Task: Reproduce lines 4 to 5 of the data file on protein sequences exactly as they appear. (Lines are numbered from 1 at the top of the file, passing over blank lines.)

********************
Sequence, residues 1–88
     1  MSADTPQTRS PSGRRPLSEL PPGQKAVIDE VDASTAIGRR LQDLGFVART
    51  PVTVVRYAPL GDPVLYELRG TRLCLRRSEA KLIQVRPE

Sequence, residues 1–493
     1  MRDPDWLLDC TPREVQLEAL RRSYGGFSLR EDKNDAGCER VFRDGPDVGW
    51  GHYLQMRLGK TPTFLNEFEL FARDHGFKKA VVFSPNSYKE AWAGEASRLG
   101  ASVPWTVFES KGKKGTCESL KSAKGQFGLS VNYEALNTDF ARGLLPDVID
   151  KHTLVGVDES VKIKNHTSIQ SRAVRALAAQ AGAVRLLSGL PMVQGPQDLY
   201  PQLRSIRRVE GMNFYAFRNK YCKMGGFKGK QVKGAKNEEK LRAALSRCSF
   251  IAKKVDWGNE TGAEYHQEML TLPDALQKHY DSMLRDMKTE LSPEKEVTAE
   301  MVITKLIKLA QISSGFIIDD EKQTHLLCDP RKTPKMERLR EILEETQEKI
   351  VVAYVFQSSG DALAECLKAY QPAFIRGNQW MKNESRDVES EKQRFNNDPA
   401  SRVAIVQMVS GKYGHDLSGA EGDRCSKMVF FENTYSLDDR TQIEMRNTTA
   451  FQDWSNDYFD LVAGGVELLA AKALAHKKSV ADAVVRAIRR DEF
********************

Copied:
Sequence, residues 1–493
     1  MRDPDWLLDC TPREVQLEAL RRSYGGFSLR EDKNDAGCER VFRDGPDVGW